“Glad?” Haden asked. “And a little disappointed, maybe?”

“Maybe. You see a lot, Haden.”

“It’s my job,” Haden said. “I try to be good at it. We all spend a lot of time looking for someone we can care for. It’s not easy.”

“You said it.”

Haden smiled slightly. “I gave up on looking, and then she fell right in my lap. If you want some advice, it will probably be better if you tell her yourself, rather than waiting for her to find out.”

“I’ll do that,” Tarsem said.

It was late at night by the time they reached Red Larch, with both horses and riders beginning to drag. Kalenthor eyed the village blearily.

“When were you last here?” he asked as they dismounted in front of the Blackbutter Inn. Sheen did a quick calculation in her head.

“About a month and a half ago, I think.”

“It seems longer than that,” Joris said, “but I think you’re right.”

Sheen knocked on the door of the Inn, a little more politely than usual considering the lateness of the hour. After a minute or so the door opened, revealing the vaguely familiar face of Dhelosk Quelbeard. “I know it’s late,” Sheen said apologetically.

“And I thank you for knocking,” Dhelosk replied, opening the door fully and counting heads as the party filed in.

“We have horses . . .” Talan said quickly.

“We have a stable. I’ll wake the boy and send him out to take care of them. There’s eight of you? I have three rooms free tonight . . .”

“We can manage,” Sheen said gratefully.

“I can rustle you up some tea and leftovers, if you like.”

“That would be wonderful,” Talan mumbled. Everyone was too tired for conversation, so they ate quickly and quietly. Dhelosk pulled up a chair rather than seek his own bed and watched them carefully for some time.

“Headed for Waterdeep, are you?”

“We’ve just come from there,” Sheen said.

“I might have known. Always I guess wrong. Are you folks from around here?” Dhelosk asked, looking at Haden in particular.

“I’ve been here before, actually,” Sheen said.

“I thought I had seen you before. Luster, wasn’t it?”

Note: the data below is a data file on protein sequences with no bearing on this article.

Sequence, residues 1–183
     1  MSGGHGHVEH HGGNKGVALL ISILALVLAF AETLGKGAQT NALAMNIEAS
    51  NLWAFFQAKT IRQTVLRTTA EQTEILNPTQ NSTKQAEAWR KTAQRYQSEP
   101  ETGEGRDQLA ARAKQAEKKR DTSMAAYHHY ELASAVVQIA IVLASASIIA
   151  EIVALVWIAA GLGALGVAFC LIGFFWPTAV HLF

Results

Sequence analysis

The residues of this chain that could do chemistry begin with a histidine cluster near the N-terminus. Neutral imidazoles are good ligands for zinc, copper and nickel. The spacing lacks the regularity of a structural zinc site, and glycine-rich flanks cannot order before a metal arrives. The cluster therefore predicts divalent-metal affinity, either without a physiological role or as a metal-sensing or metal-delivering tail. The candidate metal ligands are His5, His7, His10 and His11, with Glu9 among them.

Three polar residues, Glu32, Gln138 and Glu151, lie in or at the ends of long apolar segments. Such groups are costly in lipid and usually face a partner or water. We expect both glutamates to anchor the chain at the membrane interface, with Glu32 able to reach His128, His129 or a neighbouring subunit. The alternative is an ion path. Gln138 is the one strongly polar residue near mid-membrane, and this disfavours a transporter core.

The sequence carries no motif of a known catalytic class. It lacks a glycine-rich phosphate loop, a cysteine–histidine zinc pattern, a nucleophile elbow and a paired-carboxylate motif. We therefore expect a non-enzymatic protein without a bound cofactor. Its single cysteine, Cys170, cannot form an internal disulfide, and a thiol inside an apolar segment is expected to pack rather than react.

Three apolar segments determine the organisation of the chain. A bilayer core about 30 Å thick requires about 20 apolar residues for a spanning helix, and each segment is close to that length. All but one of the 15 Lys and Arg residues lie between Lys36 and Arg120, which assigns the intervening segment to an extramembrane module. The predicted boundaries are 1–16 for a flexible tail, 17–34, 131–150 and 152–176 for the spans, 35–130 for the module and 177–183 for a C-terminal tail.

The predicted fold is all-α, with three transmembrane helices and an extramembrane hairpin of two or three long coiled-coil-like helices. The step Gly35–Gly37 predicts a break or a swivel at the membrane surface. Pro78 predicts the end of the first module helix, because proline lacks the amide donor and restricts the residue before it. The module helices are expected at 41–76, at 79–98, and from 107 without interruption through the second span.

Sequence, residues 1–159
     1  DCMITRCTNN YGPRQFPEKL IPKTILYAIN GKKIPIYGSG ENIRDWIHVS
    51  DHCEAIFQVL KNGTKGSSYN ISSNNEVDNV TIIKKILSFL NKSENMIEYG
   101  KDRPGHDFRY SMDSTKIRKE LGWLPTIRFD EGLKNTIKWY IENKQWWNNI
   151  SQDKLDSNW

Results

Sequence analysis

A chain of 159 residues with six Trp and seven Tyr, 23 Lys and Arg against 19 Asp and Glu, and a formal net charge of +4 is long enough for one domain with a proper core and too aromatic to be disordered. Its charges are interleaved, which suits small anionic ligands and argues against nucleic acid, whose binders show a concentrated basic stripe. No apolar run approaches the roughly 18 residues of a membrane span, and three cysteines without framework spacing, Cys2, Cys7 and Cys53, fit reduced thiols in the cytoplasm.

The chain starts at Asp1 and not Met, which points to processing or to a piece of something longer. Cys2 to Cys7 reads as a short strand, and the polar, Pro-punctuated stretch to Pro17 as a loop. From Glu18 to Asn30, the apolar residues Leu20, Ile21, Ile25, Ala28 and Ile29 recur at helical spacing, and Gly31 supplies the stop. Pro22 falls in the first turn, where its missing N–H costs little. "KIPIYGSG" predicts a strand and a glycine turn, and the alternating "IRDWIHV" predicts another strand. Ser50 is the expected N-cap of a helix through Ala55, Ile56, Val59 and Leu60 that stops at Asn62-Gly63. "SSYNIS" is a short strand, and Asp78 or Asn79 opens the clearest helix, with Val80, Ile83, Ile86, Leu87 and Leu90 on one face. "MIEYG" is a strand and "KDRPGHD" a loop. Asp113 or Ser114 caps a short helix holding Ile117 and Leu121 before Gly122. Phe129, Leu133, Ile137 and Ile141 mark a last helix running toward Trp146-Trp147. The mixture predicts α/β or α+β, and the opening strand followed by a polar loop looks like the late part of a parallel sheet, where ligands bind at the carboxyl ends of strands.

“Close. Sheen.”

“My apologies.”

“I was here, too, around the same time,” Joris said. Dhelosk studied the cleric’s face for a moment, then shook his head.

“I’m sorry, young fellow, but I’ll have to take your word on that.” Joris snorted and rolled his eyes.

“We went up into the hills looking for a wizard,” Sheen continued.

“Oh, yes, when those children disappeared.”

“We would have come straight back, but there were . . . complications. We did find them, though, all three of them. Unfortunately they all . . . died. But we were able to give them last rights.”

“It is as we feared,” Dhelosk replied. “The families will be glad to know the truth. When you didn’t come back, we figured the wizard’s business had gotten you, too.”

“Almost,” Sheen said. “We should get some rest.”

“The rooms are upstairs, the doors are unlocked. Make yourselves at home. On the house. It seems the least I can do for folks who tried to help us.”

They sought beds in exhausted silence and slept late. Two more days of riding brought them again to the portal in the Lost peaks, and from there they returned to the alley behind the Tenth Pit. The horses were not pleased at being herded through the portal and required all of Talan’s attention until they finally reached the house at Smith Street. The door flew open as they approached and Hexla bounded through, throwing herself on the ranger.

“You’re back! Wait until you hear my news! I’ve finally completed my research!” the witch squeaked.

“That’s wonderful!” Talan gasped, the air knocked out of him.

“Yes! I’ve discovered the secret of eternal youth!”

No comments: